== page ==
How To Reduce Blooming On Your TV
How To Reduce Blooming On Your TV
Watching your favorite movie on an awesome TV in surround sound can be an absolutely incredible experience.
It’s possible to quite literally have the movie theater experience while at home.
This is especially true when watching on a big screen TV.
But the unfortunate thing is, most people don’t really get the most out of their TVs.
Calibration can make a massive difference and not doing so limits the full potential of the display.
Not only that, but it can even introduce problems —one of which is blooming.
But what is blooming exactly and are there ways to handle it?
Let’s find out!
How To Reduce Blooming On Your TV
There’s a few things that may help blooming on your TV; you can turn down the backlight setting to about half. Or reducing the effect of the dimming setting itself – which may help blooming but may hamper the image depth affecting image quality. Blooming is an issue unique to LED TVs since they use a backlight whereas OLED does not.
What Is Blooming?
Blooming is basically when a portion of the screen that’s supposed to be dark in a particular scene is then lit up by a nearby object or element on screen that’s brighter — which can then cause the scene to lose a degree of visual dynamism that it may have originally had.
Basically the bright element will look like it has a relatively visible halo around it, that potentially may then permeate into other parts of the screen — which isn’t good since the uniformity of the image itself can be broken up
It can be a really distracting effect if you happen to notice it since it kind of takes away from what the scene should actually look like (though the degree to which it might be visible depends)
Not only this, but blooming can elevate black levels in that area which can directly impact image quality since that juxtaposition of light and dark that helps give the image depth tends to be diminished.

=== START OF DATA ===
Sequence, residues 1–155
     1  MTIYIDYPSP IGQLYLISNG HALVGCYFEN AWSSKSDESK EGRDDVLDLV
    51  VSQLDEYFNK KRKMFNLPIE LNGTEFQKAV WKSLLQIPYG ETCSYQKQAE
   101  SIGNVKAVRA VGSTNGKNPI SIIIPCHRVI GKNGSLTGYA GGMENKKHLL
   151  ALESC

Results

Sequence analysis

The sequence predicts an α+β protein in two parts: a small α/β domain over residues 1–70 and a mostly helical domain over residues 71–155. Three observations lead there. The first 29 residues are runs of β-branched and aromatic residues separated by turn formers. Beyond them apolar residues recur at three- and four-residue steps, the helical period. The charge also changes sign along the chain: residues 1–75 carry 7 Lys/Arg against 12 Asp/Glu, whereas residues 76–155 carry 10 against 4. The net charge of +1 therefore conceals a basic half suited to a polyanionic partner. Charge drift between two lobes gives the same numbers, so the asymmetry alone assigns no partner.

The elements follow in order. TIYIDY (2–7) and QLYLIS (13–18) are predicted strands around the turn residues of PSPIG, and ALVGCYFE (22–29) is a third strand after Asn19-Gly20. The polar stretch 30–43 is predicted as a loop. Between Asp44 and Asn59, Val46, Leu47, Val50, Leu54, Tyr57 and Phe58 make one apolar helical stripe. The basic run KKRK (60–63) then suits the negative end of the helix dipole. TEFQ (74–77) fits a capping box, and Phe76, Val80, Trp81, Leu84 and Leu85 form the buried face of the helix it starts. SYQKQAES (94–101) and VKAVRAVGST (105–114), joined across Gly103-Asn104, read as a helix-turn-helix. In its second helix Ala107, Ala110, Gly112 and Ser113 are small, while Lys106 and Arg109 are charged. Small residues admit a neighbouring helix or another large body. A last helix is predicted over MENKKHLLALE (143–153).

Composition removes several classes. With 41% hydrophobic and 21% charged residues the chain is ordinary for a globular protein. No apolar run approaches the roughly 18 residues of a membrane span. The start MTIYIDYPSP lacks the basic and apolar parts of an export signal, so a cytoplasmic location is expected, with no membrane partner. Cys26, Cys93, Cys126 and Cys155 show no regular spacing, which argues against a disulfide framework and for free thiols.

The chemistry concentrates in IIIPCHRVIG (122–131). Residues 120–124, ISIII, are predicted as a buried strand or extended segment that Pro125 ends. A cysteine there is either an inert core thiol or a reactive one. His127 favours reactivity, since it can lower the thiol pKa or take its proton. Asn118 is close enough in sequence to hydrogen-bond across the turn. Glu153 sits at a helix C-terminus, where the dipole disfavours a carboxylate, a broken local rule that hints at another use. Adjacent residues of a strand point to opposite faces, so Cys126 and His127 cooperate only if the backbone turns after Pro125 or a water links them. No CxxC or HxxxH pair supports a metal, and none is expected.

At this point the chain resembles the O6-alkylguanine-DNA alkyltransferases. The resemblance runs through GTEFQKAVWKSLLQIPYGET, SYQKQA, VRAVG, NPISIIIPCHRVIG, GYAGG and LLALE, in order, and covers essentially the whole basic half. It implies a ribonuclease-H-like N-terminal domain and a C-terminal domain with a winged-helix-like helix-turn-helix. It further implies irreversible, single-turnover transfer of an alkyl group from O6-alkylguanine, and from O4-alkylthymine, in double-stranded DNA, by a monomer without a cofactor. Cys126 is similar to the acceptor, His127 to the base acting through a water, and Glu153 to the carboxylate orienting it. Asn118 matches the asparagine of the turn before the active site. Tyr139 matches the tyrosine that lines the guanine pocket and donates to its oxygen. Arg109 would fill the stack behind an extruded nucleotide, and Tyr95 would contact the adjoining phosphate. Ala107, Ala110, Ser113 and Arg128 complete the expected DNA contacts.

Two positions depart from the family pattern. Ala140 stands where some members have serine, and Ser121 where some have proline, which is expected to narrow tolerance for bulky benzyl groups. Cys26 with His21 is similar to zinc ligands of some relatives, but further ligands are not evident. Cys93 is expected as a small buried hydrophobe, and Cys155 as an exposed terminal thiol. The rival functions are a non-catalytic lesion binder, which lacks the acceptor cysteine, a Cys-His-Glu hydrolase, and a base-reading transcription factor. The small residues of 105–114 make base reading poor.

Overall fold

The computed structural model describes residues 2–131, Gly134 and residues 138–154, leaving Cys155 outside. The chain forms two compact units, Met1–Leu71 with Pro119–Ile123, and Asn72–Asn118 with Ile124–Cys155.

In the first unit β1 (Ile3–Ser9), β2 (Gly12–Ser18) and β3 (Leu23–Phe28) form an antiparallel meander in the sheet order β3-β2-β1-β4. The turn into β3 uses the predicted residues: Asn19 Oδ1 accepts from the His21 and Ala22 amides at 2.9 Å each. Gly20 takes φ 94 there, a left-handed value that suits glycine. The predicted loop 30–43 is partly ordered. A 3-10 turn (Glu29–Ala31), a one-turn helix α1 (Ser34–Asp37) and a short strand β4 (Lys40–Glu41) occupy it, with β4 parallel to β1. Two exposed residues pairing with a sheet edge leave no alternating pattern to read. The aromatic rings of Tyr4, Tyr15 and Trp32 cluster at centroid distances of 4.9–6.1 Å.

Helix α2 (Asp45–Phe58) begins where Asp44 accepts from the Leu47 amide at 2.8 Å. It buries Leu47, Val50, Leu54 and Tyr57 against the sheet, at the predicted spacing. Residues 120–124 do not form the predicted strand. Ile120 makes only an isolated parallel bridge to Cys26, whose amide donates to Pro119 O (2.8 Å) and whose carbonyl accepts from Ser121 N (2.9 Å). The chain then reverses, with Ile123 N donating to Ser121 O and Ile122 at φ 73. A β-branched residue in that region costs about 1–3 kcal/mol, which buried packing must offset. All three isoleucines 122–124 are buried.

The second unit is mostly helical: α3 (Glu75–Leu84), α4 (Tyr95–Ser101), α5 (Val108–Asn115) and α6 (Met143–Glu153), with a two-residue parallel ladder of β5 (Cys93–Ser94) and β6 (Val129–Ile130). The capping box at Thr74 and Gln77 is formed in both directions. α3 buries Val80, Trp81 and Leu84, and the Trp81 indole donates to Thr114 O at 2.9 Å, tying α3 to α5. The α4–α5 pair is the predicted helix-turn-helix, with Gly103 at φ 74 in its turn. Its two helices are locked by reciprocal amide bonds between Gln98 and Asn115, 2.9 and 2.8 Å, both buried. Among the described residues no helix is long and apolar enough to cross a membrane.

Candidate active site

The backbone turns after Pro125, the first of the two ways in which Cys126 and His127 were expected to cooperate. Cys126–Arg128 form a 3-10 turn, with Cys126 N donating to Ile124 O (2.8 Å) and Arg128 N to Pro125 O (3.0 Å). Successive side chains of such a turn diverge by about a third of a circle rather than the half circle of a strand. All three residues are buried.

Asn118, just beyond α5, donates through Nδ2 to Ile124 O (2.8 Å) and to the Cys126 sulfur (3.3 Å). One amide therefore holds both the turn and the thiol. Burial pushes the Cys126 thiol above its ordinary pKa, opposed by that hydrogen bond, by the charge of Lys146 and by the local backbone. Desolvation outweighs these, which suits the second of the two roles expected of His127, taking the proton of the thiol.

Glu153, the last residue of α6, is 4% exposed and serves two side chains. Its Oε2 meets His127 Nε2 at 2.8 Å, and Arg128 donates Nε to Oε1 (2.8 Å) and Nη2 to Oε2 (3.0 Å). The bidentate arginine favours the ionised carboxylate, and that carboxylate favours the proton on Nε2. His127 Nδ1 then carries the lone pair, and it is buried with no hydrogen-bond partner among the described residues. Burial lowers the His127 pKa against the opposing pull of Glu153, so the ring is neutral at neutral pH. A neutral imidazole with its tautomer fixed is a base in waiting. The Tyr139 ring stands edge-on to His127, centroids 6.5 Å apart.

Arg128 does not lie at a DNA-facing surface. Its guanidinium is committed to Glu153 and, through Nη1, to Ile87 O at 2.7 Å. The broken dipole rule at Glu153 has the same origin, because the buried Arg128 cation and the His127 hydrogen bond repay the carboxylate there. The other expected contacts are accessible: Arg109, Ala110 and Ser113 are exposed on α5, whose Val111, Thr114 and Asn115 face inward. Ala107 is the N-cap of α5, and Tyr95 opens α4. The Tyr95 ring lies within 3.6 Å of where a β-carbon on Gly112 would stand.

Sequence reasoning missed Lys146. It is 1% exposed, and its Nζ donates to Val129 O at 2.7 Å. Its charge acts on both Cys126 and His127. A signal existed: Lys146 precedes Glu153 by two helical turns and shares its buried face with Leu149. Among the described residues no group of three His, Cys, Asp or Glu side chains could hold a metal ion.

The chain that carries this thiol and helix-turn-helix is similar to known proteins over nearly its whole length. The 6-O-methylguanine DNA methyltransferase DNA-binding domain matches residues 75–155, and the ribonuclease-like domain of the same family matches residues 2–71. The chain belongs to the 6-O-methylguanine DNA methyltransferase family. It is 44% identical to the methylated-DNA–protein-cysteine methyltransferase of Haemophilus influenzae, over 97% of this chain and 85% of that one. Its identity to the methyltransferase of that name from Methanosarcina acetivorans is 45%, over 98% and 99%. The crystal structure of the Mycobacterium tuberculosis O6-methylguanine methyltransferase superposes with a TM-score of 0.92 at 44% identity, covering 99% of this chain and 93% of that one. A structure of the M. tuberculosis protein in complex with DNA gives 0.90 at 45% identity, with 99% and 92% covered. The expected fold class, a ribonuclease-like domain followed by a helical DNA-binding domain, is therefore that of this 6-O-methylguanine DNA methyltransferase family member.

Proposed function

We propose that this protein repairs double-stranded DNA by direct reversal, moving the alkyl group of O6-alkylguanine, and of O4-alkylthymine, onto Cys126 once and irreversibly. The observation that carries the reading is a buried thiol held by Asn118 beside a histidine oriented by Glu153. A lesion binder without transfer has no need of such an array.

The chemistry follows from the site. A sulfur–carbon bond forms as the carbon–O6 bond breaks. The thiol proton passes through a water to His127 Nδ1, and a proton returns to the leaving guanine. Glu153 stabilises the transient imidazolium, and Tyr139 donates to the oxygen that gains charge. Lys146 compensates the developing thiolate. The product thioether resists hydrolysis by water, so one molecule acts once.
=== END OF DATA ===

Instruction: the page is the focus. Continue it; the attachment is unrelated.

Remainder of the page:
The brighter the black levels, the less dynamic and washed out your content will look which — as you’d probably guess, obviously isn’t ideal.
Why Does Blooming Happen?
Here’s something interesting to note, blooming doesn’t happen to every TV.
In fact, the only kind of TVs that blooming really affects are LCD based TVs.
Well it has to do with their very design.
LCD based televisions; that is many of the modern popular options often use some sort of backlighting to display an image.
They all implement small lights behind the screen in various ways and to varying degrees of efficacy.
This is what’s known as local dimming since like the name would suggest, it’s tasked with handling that particular part of the image.
These lights are then separated into distinct zones, and the more zones a TV has, the more intricate it can be with the picture quality it displays and its resulting black levels which can help with the depth of the image.
There’s even various types of local dimming like full array local dimming and edge lit dimming which can further help picture quality.
The problem arises though when a TV doesn’t have that many zones since the light output becomes localized in brighter scenes — which results in blooming.
The more zones or lights, the less likely from what I’ve seen that it is that that particular TV will have blooming issues (though like most things it depends)
The other reason LED based TVs might experience blooming though is that people might use them with things set too high in the TV for their room.
It often comes from the store set at the brightest setting/mode without any calibration, and that’s because when it’s on the show floor, it has to accommodate for harsh store lighting and grab attention by being as bright as possible.
However at home this doesn’t help and while being inaccurate, it can also lead to blooming.
However the interesting thing is OLED TVS don’t rely on a backlight, and so don’t have to deal with blooming issues at all.
This results in a much more even looking picture quality.